Metropolitan Home Prices and the Zillow Home Value Index
Piggybacking off our piece in May on 49 Years of Income and Home Values, we now dig into home values in metropolitan areas. According to the Census Bureau, 84% of the U.S. population lives in metropolitan areas. They define a Metropolitan Statistical Area (MSA) as a region with at least one urbanized area of population 50,000 or more. In contrast, a Micropolitan Statistical Area comprises only 10% of the population and is defined as an area containing at least one urban cluster with a minimum population of 10,000, but less than 50,000. The remaining U.S. population is outside of the CB’s Core Based Statistical Areas.
With 84% of the population living in MSAs, it seems important to focus on home sale prices and changes in home prices in metropolitan areas. Our data source is Zillow Group (of Zillow.com), which has a wide range of useful real estate data. In addition to sale prices, Zillow Group has created the Zillow Home Value Index (ZHVI), which uses Zillow’s “Zestimate” to create home values in metropolitan areas. The “Zestimate” is a proprietary valuation calculated from estimated sale prices. The ZHVI uses a methodology that takes into account the changing composition of properties sold in different time periods.
We examined the ZHVI in the 5 most populous MSAs in the United States. The ZHVI data spans 20 years, is seasonally adjusted, and uses single family home, condo, and co-op data. To adjust for inflation, we’ve used the Bureau of Labor Statistics’ CPI Owner’s Equivalent Rent, which measures the average change over time in the implicit rent that owner occupants would have to pay if they rented their homes.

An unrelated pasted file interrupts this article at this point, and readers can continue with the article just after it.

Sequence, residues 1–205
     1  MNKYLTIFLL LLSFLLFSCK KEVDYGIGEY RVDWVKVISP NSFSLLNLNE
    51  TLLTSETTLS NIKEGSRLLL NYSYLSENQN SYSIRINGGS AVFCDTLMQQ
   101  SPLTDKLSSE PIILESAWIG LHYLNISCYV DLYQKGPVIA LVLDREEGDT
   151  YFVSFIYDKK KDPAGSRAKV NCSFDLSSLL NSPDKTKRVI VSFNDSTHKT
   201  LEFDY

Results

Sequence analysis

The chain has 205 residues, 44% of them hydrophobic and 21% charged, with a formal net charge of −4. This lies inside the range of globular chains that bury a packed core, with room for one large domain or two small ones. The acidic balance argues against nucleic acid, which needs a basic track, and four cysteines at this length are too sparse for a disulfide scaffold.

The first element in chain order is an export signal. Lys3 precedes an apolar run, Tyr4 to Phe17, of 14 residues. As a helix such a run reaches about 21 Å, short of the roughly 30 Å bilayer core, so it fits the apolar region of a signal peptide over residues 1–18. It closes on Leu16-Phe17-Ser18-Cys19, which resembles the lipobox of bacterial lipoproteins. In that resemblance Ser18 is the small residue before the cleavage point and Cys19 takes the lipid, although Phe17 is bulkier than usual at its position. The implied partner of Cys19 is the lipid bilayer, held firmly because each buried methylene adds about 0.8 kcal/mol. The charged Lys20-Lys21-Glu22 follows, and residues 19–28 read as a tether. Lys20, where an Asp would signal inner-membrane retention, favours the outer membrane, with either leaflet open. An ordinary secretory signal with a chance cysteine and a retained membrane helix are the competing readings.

In the first chart below, you’ll notice some interesting patterns. Since 1996, the national median price looks to have appreciated slightly, while those in Los Angeles and New York City are significantly higher today. Surprisingly, Chicago prices are lower today than they were 20 years ago.
Our next chart shows the percent changes since 1996. You will notice that values in Los Angeles have nearly doubled and in New York they have increased by almost 40%. Here you can see the Chicago decline more clearly. Values there have dropped by over 12% in 20 years.
For comparison, we’ve also looked at Zillow sale prices over the same time period. Here, we replace Los Angeles with Washington, D.C. as the data is not complete for LA. We use a 12-month moving average to eliminate some of the seasonal and monthly volatility. The smoothed national median sale price for June 2016 is $216,969, higher than the ZHVI national median value, $188,238, for the same month. Interestingly, the median sale price for D.C. was higher than that of New York during parts of 2014 and 2015.
Here is the same sale price chart that looks at the changes since 1997. New York City sale prices have skyrocketed. Prices today are almost 1.5 times what they were in 1997. Chicago is slightly more affordable today: 0.4% cheaper than 20 years ago.
The San Francisco area housing market often makes national news over its highest-in-the-country prices. Here is one last chart comparing this metro area to the national median using the ZHVI and sale price changes.
Overall, home values and prices in metropolitan areas have risen more than the national median. With so many Americans living in these areas, it's certainly seems more difficult to afford a home now than it was even 20 years ago.
Stay tuned for more interesting real estate articles.